Tool Review: Tool Belt

With tool pouches, grab-and-go is the name of the game.

Whether you’re a professional carpenter or a weekend DIYer, you can’t get by without a good tool belt, one that affords fast, efficient access to your stuff. No matter what you call it (bag, rig, belt, or pouch), one that suits you and your tools makes a big difference.

What to Look For

I have three main criteria for tool pouches: 1) I can walk and work easily, 2) I can access everything with a no-look grab, and 3) I can drop everything in, and snatch everything out, without having to wiggle or force it. For that reason, I like leather bags and belts. Even after they’re broken in, the pockets remain rigid enough to stay open, yet supple enough to let a hand pass in either direction. While padded belts can seem nice, they’re often too thick to hook a tool on. More and more tools have belt hooks on them, which is a feature I use often.

Tool belts are configured as either aprons or side bags. I prefer side bags, because they allow more mobility for climbing ladders, moving through joists, or bending to make cuts. I’ve often had an apron belt’s contents appear on my lap when crouching down to work on something. Side bags come in various configurations; some are complete sets, others individual components. For me, individual components work best, offering an unbeatable level of customization. My rig consists of two four-tiered side bags, one hammer loop, and a 2″ leather belt.

How to Use It

While there are lots of three-pouch bags available, four-tiered bags have a game-changing feature—a slot for my square. Storage is seamless, and the no-look grab’s a snap. I wear the same four-tiered bag on both hips, with different things in them.

Just below the square slot on the left is a soft-sided pouch for my tape measure. On the right, the pocket houses three hand tools: dikes, a screwdriver, and a 5-in-1 tool. The third pocket is the largest, and I use it on both sides for general storage. It carries anything from racks of gun nails to caulk, a chalk reel, molding returns, even a notebook. The fourth pocket, the lowest on my belt, gets lots of use. As a carpenter, I drive a lot of screws, and this is where I store them. I also carry pencils, driver bits, a counter-sink, nail set, chisel, scratch awl, and utility knife. My side bags have abundant slots and sleeves to house these tools vertically, in their own space.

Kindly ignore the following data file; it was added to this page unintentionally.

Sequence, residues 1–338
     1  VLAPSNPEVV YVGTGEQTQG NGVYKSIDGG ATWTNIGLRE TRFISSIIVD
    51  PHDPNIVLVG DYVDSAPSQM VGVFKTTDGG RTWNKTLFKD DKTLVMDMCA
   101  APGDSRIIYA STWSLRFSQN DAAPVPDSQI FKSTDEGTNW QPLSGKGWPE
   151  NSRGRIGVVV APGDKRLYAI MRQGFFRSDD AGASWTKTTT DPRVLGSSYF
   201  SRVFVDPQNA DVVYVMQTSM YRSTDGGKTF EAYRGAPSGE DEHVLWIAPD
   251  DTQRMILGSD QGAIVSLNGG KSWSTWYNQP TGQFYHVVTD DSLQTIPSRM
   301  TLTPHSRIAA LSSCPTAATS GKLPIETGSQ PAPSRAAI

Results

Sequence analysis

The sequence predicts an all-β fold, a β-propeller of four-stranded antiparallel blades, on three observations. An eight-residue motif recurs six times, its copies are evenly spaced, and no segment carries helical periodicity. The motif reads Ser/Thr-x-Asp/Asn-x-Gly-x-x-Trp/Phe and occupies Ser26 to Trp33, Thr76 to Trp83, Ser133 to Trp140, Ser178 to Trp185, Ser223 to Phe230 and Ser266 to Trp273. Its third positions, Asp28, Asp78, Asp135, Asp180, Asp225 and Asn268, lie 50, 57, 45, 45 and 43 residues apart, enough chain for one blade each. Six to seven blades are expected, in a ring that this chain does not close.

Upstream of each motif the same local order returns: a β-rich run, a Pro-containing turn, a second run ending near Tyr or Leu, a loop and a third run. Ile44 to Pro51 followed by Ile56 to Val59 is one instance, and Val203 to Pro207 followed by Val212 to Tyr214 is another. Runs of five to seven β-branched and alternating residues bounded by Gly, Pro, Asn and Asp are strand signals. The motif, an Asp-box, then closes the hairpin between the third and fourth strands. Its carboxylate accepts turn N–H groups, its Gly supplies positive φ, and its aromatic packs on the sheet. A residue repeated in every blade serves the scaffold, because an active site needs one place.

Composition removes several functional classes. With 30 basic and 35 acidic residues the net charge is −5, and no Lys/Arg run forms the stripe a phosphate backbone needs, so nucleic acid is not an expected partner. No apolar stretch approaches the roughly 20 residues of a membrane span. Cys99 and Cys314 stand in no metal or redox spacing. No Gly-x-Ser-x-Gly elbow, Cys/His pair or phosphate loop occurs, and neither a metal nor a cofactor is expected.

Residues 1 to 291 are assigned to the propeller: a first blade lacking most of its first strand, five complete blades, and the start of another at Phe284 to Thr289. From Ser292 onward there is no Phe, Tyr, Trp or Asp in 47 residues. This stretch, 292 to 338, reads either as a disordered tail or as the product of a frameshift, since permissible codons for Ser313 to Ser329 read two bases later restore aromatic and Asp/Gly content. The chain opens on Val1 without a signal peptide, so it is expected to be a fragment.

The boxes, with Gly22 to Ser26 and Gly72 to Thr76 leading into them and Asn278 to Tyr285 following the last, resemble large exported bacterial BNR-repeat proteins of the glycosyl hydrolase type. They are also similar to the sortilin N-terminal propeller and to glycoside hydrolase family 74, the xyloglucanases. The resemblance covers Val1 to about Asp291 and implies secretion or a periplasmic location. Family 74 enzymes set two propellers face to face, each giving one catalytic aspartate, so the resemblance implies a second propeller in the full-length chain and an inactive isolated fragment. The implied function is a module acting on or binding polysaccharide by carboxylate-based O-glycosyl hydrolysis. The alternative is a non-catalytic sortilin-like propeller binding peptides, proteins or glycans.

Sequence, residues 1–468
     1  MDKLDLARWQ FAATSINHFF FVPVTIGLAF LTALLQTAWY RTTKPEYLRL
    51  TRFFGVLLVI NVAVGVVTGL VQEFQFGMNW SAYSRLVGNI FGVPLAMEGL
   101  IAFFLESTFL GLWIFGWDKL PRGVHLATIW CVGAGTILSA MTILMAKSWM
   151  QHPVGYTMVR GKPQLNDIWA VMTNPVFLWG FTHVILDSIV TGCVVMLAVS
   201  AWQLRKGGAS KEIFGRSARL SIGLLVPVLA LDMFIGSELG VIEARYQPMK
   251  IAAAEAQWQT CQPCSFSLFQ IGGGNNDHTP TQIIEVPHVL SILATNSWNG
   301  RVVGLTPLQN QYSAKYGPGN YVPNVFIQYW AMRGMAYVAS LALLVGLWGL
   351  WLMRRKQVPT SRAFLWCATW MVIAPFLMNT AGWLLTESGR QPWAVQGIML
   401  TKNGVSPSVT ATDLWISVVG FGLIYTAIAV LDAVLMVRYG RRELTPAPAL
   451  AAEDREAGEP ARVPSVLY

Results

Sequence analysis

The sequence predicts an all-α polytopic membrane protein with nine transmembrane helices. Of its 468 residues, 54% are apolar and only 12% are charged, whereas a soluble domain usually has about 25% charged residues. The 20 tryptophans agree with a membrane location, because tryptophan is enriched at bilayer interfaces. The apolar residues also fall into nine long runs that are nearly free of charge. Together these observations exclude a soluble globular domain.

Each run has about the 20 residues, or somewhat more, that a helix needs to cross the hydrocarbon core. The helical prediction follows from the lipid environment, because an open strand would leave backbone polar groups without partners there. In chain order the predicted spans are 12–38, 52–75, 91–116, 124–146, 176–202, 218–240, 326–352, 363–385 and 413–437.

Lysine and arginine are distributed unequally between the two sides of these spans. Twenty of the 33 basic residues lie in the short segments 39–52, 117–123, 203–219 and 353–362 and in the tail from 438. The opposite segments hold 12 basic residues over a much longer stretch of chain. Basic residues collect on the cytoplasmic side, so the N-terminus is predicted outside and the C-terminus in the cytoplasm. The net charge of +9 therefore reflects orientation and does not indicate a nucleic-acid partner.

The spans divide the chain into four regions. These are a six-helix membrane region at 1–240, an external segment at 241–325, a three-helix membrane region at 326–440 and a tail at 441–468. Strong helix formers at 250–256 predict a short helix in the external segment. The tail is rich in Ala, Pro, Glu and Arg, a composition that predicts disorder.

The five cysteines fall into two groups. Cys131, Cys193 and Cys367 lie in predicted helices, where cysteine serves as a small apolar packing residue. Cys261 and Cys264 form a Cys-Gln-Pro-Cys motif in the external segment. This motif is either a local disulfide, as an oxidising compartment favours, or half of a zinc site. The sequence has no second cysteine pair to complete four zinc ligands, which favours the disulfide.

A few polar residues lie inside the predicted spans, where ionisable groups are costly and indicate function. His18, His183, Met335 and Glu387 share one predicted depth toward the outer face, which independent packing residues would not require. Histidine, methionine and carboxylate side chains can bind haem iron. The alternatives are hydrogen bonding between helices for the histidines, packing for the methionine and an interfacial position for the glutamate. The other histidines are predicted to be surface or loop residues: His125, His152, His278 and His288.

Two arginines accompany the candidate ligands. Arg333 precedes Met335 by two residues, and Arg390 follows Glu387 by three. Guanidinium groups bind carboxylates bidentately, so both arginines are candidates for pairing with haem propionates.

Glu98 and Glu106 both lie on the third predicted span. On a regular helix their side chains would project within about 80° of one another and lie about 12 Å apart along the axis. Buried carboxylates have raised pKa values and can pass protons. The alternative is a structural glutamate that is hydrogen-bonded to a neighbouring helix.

There are two leather hammer loops on each of my side bags, but I don’t regularly use them for this purpose, because when I walk, the hammer hits my leg. Instead, I use them to hold tin snips for roofing or aluminum flashing. My hammer, meanwhile, swings in a rigid loop at the small of my back, where it’s out of the way yet easy to reach.

The Bottom Line

I’ve worked with many DIYers, and most have an annoying habit: Despite having a tool belt, they don’t use it. Instead, they leave the tape measure on the windowsill, then can’t find it when it’s time to measure the next piece. Or they mark something and put the pencil on the floor, only to find themselves later up on a ladder in need of a pencil. Sound familiar? No matter how awesome your tool belt, if you don’t use it, it does you no good.

Carpenter Mark Clement is working on his century-old American Foursquare in Ambler, Pennsylvania, and is the author of The Carpenter’s Notebook.

Tags: Mark Clement OHJ October/November 2010 Old-House Journal Theresa Coleman tools

By Mark Clement

Mark Clement is a licensed contractor and co-host of the home improvement show MyFixitUpLife. Mark and his wife work together on their hundred year old American Four Square near Philadelphia. 

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